THE BELLS — Penny Hogan gazes softly into the distance while the piano and clarinet elegantly set the scene of a maiden preparing to begin a journey to find joy after having endured deep grief. Vibrato spins off her lips and fills the room. Raw emotion on her face depicts the German piece by Schubert. George Hogan takes the stage next and is warmly welcomed by a cheering, supportive audience. His deep, bass voice passionately sings Ella giammai m’amo by Verdi, a story of a heartbroken man, in perfectly enunciated Latin. At Hughes Recital Hall on Jan. 21, Penny and George Hogan, assistant professors of music, performed an operatic recital before an audience so large that every orange chair was called for. Penny Hogan, soprano, enjoys the opportunity to perform on campus and demonstrate what she is teaching her students. She said, “If you are teaching students to be better performers and craft their skill, they need to see that you can also do it. We have walked the walk.” The Hogans charmed the audience with impressively advanced pieces in various languages. The pair was accompanied by Nelda Milligan and Dr. Michelle Rouche, piano; Michelle Palmer, clarinet; and Doug Fischer, cello. Each presented solo performances with the exception of Mendelssohn’s “Elijah/Widow Duet” and the final piece of the night, “Glorious Things of Thee are Spoken,” arranged by Ovid Young. Freshman history major Austin Shuffield attended the Hogan recital and is a fan of the professors. “The Hogans are really nice,” Shuffield said. He liked that “they were singing hymns about the things that the university stands for.” They are far from strangers to the stage.  Each have impeccable resumes.  George served as stage manager at Carnegie Hall in New York City, where Penny has been featured as a guest soloist. The duo stays busy performing at churches, businesses and benefit concerts. As a musician and performer, Penny Hogan hopes to bring music to life for her audience and share her talents. At the conclusion of the  Jan. 21 recital, George Hogan said that they “have been so blessed over the...

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Chapel speaker shares inspiring story of past struggles
Nov20

Chapel speaker shares inspiring story of past struggles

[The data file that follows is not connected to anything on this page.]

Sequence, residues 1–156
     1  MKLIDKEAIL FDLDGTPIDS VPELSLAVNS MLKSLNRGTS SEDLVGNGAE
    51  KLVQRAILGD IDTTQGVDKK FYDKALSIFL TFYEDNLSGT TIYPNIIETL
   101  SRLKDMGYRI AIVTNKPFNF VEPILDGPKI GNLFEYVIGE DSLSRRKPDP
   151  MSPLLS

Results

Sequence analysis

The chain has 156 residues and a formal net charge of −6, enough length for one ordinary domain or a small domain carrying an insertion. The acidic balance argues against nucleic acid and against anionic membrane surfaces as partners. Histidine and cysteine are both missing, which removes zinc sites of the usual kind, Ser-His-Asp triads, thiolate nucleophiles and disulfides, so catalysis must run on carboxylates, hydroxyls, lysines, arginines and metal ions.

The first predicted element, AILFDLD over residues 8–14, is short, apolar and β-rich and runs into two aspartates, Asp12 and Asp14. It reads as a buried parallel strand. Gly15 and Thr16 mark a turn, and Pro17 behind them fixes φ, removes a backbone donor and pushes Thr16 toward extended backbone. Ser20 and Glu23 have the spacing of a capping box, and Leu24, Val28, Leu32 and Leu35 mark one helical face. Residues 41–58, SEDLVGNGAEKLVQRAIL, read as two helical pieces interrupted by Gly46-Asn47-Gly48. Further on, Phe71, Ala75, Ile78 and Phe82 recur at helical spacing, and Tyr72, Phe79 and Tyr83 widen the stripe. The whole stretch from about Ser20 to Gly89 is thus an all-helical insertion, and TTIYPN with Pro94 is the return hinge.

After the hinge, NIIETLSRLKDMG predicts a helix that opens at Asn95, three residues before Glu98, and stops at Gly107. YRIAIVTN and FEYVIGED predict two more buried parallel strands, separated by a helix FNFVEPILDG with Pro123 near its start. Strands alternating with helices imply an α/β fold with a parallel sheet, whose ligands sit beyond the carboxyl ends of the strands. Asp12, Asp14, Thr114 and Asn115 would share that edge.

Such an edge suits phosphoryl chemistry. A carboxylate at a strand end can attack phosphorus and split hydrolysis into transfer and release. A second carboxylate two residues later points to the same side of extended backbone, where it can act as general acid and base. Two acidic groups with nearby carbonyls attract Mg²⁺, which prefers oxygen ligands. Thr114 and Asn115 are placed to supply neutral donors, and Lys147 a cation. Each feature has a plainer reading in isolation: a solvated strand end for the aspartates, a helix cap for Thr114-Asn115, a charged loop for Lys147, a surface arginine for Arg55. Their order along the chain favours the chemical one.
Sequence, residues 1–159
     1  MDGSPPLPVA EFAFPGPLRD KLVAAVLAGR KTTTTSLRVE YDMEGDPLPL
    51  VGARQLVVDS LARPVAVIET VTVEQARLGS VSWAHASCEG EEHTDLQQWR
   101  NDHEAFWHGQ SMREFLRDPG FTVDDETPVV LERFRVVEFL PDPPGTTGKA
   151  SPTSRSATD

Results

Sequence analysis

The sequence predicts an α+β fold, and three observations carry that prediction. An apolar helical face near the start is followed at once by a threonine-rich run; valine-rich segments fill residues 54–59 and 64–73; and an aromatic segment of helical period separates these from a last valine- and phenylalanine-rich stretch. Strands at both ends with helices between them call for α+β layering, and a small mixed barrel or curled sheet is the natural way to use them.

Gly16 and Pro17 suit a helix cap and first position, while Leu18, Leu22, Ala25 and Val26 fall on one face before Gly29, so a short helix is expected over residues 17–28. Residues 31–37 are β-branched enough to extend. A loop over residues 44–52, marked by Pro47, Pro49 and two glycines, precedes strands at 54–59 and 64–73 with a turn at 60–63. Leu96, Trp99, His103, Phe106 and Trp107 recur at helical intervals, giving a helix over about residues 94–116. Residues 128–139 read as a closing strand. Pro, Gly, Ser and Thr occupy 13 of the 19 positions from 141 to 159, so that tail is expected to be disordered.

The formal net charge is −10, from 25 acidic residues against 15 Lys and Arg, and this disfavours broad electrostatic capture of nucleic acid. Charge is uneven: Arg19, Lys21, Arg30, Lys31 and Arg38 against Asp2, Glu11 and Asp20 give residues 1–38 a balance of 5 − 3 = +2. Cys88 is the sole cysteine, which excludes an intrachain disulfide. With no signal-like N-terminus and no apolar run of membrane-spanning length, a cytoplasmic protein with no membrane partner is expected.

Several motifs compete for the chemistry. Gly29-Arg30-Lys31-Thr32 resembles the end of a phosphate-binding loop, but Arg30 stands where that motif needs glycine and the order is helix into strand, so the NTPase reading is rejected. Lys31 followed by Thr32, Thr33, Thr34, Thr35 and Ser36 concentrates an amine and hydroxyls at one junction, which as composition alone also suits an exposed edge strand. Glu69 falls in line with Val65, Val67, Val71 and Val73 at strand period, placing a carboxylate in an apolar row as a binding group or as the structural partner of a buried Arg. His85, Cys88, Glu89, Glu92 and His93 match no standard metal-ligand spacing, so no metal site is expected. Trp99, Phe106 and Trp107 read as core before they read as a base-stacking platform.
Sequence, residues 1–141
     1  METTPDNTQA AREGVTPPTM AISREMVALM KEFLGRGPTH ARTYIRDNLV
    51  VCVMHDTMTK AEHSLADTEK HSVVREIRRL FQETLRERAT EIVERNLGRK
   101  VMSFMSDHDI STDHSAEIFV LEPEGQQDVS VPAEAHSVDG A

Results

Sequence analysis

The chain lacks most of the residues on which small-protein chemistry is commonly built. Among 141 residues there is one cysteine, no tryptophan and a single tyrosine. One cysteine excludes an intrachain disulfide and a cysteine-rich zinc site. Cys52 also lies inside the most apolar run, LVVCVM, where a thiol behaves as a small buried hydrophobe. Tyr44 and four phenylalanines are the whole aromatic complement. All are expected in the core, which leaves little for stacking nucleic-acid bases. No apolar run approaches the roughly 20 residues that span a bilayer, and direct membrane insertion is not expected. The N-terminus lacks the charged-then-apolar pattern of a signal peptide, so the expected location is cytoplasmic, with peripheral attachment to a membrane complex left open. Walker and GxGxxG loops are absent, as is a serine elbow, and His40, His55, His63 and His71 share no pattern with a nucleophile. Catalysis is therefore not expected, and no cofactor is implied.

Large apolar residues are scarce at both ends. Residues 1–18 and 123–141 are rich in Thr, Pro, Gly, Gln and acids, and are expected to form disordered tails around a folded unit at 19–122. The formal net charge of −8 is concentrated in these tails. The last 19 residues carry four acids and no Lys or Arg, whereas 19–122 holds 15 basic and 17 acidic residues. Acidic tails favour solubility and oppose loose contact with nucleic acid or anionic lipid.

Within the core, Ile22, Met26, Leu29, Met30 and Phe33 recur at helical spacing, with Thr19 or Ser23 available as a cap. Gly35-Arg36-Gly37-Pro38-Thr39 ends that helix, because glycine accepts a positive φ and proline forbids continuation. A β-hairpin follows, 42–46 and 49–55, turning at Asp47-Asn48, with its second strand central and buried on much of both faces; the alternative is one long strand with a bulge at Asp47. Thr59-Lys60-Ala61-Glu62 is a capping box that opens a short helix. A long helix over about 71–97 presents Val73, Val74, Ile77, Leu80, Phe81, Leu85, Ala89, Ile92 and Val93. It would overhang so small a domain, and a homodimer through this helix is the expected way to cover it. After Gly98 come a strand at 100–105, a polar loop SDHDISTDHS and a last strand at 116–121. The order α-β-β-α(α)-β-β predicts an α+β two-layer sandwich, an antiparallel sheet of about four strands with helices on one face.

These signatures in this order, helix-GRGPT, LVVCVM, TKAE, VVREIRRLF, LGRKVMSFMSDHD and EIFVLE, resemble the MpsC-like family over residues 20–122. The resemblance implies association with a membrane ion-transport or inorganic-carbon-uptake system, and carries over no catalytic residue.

Sarah Thebarge has a unique story. The soft-spoken cancer survivor, Yale graduate and author made her first trip to Texas from Portland, Ore.,  Nov. 6 to share it with students during chapel. She said, “I missed the day God gave out voices in Heaven.” The distinguishable characteristic had the audience members sitting at the edge of their seats, hanging onto every word that came from the petite woman’s mouth. Thebarge grew up in an Amish community in Pennsylvania where she constantly struggled to overcome social  expectations that limited her as a woman. She attended Yale University and graduated with a master’s degree in medicine. Her next stop was Columbia University to pursue a master’s degree in journalism. While in New York, Thebarge was diagnosed with breast cancer and became very ill. Her lifelong dream of traveling to Africa crumbled apart just as her life seemed to be doing. In the parking lot of Starbucks, her boyfriend of three years broke up with her. Thebarge said, “I wish I could’ve driven cancer to Starbucks and told it ‘we’ve had a good run, but this isn’t working out for me anymore.’” With a broken soul and empty heart, Thebarge thought she was worthless. She bought a one way ticket to Portland, Ore., and landed there with just a suitcase of clothes. On a train, a Somali girl curled up in Thebarge’s lap. She made eye contact with the mother of five girls who turned out to be refugees. Thebarge got their address and visited a few days later. She found the family enduring horrible living conditions. The mother dumpster-dived for food. Many meals consisted of moldy bread and ketchup. They had one blanket to share and inadequate clothing for the winter. Thebarge created a relationship with the Somali family. With the help of her church, she gave them food, clothes and heat. She showed the girls Disney movies. What Thebarge really wanted to give the girls was an opportunity to go to college. Unable to write a check that large, she began turning the blog she had been keeping about the family’s story into a book called Invisible Children. The proceeds would benefit the girls’ college funds. Junior marketing major Joy Watson attended chapel and the question-and-answer session with Thebarge. Watson was most inspired to hear “how Sarah learned to use her past to inspire people.” She said, “It’s a reminder to not let the past get in the way of the future. God uses the broken.” Thebarge is passionate about emphasizing the importance of inner beauty in women. She said, “In fairy tales, women are always waiting to be saved....

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Deck the halls with boughs of duck calls
Nov20

Deck the halls with boughs of duck calls